There are some more ambiguous cases, to be sure: Neurodivergences like autism and ADHD that exist on a spectrum, where the most extreme forms are utterly debilitating but the mildest forms are simply ordinary variation. It can be difficult to draw the line at when we should be willing to treat and when we shouldn’t; but this isn’t fundamentally different from the sort of question psychiatrists deal with all the time, regarding the difference between normal sadness and nervousness versus pathological depression and anxiety disorders.
Of course there is natural variation in almost all human traits, and one can have less of something good without it being pathological. Some things we call disabilities could just be considered below-average capabilities within ordinary variation. Yet even then, if we could make everyone healthier, stronger, faster, tougher, and smarter than they currently are, I have trouble seeing why we wouldn’t want to do that. I don’t even see any particular reason to think that the current human average—or even the current human maximum—is in any way optimal. Better is better. If we have the option to become transhuman gods, why wouldn’t we?
Another way to see this is to think about how utterly insane it would be to actively try to create disabilities. If there’s nothing wrong with being deaf, why not intentionally deafen yourself? If being bound to a wheelchair is not a bad thing, why not go get your legs paralyzed? If being blind isn’t so bad, why not stare into a welding torth? In these cases you’d even have consented—which is absolutely not the case for an innate disability. I never consented to these migraines and never would have.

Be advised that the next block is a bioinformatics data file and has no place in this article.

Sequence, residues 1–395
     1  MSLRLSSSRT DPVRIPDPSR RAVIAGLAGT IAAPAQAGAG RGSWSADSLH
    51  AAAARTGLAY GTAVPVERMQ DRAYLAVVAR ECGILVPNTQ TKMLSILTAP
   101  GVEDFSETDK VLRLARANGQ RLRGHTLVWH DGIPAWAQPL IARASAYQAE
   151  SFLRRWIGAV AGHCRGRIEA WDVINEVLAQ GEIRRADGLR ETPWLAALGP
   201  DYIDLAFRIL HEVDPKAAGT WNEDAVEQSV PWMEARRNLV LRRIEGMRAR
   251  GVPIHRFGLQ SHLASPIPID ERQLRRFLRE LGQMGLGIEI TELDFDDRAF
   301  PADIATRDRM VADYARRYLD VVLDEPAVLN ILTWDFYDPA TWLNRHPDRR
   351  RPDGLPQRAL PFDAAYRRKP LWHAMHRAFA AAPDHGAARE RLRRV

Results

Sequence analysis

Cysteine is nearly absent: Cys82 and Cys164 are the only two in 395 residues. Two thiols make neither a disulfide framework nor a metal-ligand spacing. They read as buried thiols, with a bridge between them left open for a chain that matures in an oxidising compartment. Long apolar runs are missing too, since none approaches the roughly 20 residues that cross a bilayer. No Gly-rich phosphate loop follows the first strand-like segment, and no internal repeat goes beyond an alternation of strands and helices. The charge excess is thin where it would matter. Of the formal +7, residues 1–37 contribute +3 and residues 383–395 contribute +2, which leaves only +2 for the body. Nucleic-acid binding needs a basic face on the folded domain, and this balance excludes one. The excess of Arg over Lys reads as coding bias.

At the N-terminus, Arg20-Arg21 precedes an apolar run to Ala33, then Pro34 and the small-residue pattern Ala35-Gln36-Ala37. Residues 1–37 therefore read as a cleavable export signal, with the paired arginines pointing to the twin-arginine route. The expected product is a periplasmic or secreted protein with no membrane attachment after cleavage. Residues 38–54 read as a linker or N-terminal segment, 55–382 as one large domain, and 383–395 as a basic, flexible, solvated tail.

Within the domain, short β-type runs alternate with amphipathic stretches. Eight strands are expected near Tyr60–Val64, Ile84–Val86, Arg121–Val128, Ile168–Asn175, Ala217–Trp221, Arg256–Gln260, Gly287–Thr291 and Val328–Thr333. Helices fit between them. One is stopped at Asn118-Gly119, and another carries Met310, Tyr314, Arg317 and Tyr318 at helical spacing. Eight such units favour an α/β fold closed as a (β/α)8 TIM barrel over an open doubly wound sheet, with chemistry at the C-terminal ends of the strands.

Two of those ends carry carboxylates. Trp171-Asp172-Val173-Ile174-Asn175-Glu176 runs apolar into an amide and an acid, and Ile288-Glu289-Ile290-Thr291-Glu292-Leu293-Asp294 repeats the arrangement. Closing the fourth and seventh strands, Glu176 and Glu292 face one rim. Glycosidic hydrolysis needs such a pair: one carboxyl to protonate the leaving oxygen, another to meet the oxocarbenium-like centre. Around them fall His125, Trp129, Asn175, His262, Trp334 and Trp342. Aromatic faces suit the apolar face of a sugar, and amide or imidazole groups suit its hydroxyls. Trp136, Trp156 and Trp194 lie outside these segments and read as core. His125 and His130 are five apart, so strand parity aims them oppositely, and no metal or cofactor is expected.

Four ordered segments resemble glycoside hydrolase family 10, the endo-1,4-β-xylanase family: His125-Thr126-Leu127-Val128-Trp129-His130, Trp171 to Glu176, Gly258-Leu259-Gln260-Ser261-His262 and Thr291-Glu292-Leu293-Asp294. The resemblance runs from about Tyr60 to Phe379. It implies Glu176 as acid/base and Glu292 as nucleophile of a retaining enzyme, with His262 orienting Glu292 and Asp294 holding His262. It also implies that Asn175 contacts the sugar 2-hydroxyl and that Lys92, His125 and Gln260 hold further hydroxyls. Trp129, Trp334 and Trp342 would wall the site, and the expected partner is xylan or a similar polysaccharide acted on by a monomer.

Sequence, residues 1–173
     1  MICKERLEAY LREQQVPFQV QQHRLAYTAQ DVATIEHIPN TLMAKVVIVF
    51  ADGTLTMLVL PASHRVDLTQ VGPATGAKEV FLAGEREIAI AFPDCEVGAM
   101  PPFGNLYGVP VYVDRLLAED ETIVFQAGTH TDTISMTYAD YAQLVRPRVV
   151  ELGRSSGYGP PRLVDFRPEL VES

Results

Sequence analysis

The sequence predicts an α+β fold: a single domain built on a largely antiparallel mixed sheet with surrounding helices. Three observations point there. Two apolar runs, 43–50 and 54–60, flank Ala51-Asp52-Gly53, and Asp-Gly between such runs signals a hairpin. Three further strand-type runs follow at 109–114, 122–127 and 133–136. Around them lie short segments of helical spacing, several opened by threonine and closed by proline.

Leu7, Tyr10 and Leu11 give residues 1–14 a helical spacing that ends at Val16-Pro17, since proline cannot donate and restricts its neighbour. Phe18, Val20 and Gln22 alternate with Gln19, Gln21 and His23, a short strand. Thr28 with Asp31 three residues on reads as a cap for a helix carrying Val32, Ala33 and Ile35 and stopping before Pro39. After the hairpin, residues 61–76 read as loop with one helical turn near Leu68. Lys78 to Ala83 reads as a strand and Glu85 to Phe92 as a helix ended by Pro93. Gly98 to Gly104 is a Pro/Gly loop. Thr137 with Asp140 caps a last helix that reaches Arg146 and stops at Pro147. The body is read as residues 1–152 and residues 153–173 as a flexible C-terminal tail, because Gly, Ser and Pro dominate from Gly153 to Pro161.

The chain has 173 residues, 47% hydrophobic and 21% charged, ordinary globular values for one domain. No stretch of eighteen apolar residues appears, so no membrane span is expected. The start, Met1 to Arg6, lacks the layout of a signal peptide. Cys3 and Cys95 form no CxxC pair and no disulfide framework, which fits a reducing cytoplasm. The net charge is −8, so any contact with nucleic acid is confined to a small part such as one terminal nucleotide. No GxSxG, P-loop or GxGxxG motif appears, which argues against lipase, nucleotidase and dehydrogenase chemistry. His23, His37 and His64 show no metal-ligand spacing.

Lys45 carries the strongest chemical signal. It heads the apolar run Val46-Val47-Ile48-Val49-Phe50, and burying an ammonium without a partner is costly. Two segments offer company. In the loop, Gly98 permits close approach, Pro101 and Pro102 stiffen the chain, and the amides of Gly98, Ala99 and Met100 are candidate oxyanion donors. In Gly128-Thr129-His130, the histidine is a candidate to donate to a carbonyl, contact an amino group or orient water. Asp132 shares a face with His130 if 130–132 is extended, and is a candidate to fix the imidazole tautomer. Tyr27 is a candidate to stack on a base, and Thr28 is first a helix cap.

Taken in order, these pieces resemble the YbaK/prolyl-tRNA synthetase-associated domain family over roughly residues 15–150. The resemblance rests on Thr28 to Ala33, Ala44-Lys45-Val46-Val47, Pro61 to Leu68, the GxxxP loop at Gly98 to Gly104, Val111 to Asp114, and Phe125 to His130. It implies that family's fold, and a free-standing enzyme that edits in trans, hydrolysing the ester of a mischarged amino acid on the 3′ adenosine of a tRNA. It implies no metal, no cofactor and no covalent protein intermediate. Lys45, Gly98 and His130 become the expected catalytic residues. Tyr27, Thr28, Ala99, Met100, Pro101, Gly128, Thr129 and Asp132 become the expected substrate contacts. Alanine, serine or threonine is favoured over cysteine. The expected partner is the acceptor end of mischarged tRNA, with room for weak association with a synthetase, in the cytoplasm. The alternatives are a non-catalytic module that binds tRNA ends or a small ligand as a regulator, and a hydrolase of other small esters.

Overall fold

I respect individual autonomy, so I would never force someone to get treatment for their disability. I even recognize that society can pressure people to do things they wouldn’t want to, and so maybe occasionally people really are better off being unable to do something so that nobody can pressure them into it. But it still seems utterly baffling to me that there are people who argue that we’d be better off not even having the option to make our bodies work better.
I think this is actually a major reason why disability activism hasn’t been more effective; the most vocal activists are the ones saying ridiculous things like “the problem isn’t my disability, it’s your lack of accommodations” or “there’s nothing wrong with being unable to hear”. If there is anything you’d be able to do if your disability didn’t exist that you can’t do even with accommodations, that isn’t true—and there basically always is.